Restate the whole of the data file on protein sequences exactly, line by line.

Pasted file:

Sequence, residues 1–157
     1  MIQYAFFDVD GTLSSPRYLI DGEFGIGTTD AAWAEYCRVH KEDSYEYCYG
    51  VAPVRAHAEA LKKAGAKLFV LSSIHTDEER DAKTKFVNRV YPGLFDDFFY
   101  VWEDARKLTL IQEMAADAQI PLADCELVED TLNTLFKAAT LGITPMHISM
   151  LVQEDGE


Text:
Sequence, residues 1–157
     1  MIQYAFFDVD GTLSSPRYLI DGEFGIGTTD AAWAEYCRVH KEDSYEYCYG
    51  VAPVRAHAEA LKKAGAKLFV LSSIHTDEER DAKTKFVNRV YPGLFDDFFY
   101  VWEDARKLTL IQEMAADAQI PLADCELVED TLNTLFKAAT LGITPMHISM
   151  LVQEDGE